Grapevines can be a blessing. They can also be a scary endeavor to someone like me who has never trimmed grapevines. So as I set out to learn how to do this, I will be researching it with you. We were gifted our vines and so they have become a mass of tangled ugliness. This last year the grapevines hardly grew any grapes. What do I do?
First of all, I’ve learned that I should approach this experience with wonder and a learning process. I shouldn’t be afraid to cut, since 90% of last year’s growth will need to be trimmed. And second, vines and grapevines are forgiving and vigorous. They need to be trimmed to grow grapes.
You can cut them in February, March, or even April since you don’t want a hard freeze to come along and damage the canes and buds. I imagine that is what we will do, as the weather is so unforeseen these days.
If You’re Starting With a Young Plant
When you bring a new grapevine home from the store, it will have shoots growing every which way and a good root system. You will need to prune it. I know, I know. It’s just a baby plant, but if you want it to grow grapes you must. Prune it back to one leader shoot and 3 buds, at the time of planting. After planting it will grow many green shoots. When this happens, and they become 8-12″ long, trim it back again. Stake up at the top and bottom of the main leader shoot.
Continue to keep tying up the main shoot throughout the summer, this will prevent it from breaking in the wind. This will be the main trunk and you want it as straight as possible. Well-tended vines can produce 25-30 years. While some varieties, disease resistance, and pruning can cause grapevines to live for 100’s of years. Even so, they won’t be very vigorous in producing grapes.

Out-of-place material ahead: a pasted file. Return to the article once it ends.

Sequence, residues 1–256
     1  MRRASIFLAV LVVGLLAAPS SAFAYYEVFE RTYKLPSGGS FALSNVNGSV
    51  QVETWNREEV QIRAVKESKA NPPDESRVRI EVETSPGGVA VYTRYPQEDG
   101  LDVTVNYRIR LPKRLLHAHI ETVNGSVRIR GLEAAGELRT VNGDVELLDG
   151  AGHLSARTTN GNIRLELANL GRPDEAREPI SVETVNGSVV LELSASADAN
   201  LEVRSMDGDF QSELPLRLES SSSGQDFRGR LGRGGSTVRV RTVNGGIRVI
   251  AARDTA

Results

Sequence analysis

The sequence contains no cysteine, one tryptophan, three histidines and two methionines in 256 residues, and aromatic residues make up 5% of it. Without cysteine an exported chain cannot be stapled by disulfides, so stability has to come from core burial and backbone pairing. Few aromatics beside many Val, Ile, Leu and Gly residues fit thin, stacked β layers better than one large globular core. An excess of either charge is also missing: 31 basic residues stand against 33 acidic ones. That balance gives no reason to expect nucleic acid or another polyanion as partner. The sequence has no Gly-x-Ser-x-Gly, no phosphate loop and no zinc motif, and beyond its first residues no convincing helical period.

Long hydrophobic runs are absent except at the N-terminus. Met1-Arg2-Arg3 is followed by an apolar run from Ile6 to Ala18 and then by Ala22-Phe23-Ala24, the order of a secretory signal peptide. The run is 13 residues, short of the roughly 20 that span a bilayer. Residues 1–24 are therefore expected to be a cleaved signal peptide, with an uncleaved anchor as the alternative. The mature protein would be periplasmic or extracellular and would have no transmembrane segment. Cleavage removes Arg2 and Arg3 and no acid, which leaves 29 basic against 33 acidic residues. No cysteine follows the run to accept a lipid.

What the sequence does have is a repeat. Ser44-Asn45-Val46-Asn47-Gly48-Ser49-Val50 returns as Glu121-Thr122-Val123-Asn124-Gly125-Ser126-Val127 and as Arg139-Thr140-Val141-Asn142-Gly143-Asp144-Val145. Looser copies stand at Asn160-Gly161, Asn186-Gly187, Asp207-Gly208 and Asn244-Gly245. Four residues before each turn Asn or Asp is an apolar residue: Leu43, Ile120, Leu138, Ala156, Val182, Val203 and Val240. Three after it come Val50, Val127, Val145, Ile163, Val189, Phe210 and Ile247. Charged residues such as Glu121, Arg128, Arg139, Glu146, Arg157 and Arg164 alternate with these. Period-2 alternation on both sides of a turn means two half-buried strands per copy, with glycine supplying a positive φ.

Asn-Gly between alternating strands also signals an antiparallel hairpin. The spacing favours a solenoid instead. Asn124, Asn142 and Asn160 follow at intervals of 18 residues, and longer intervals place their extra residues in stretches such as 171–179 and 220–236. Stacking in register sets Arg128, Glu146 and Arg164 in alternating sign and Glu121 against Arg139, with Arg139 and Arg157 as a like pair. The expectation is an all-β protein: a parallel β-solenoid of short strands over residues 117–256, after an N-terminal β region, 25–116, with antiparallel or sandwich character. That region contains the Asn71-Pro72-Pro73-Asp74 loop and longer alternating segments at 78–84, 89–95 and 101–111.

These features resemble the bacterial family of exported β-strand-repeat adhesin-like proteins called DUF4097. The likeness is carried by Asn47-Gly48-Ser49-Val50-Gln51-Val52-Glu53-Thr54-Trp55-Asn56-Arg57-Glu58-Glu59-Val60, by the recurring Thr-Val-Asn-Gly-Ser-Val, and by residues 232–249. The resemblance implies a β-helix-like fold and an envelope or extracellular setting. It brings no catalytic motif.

First Dormant Cutting of a Grapevine
If your vine is strung on a wire, it should have reached 30″ or more during the last season’s growth. If for some reason is did not, cut it back to 3 buds again. I know, this seems cruel and you may even be frustrated. Repeat the previous seasons treatment. This is necessary for a sound trunk, even though it is crazy and madening. This probably won’t happen because most plants are vigorous.
What if I Have An Established Vine?
Ours is an established one alright. It’s at least been here since I moved into the house a year and a half ago. We haven’t touched it.
It’s inside our chicken coop, so we kind of thought we’d let them eat the grapes. Especially since neither of us eats them. My more recent idea was to learn to prune them and to root them. The first idea was so that the chickens would have more to eat that wouldn’t cost us anything. The second idea was to sell the rooted ones to make some money! Yes!
There are many common pruning methods. It all depends on the region the grapevines are grown in and terroir. We are not wine producers so I imagine we will not be as specific as one who does. We do, however, have our grapevines growing on a pergola of sorts. The term terroir is a French word that means the environment. This term is mostly used by wine growers.
We will be going over the Pergola method since that what is recommended for our area. We live in a more warm environment.
First, what you will need to get started:
- Safety Glasses (to protect your eyes from twigs
- garden gloves
- pruners of choice
- Look over the whole grapevine. Try to find two canes that look well-established. Trim back all of the dead.
2). If it’s small or weak, prune it out. If it is too far out from the trunk prune it. This will help with all the confusion of craziness.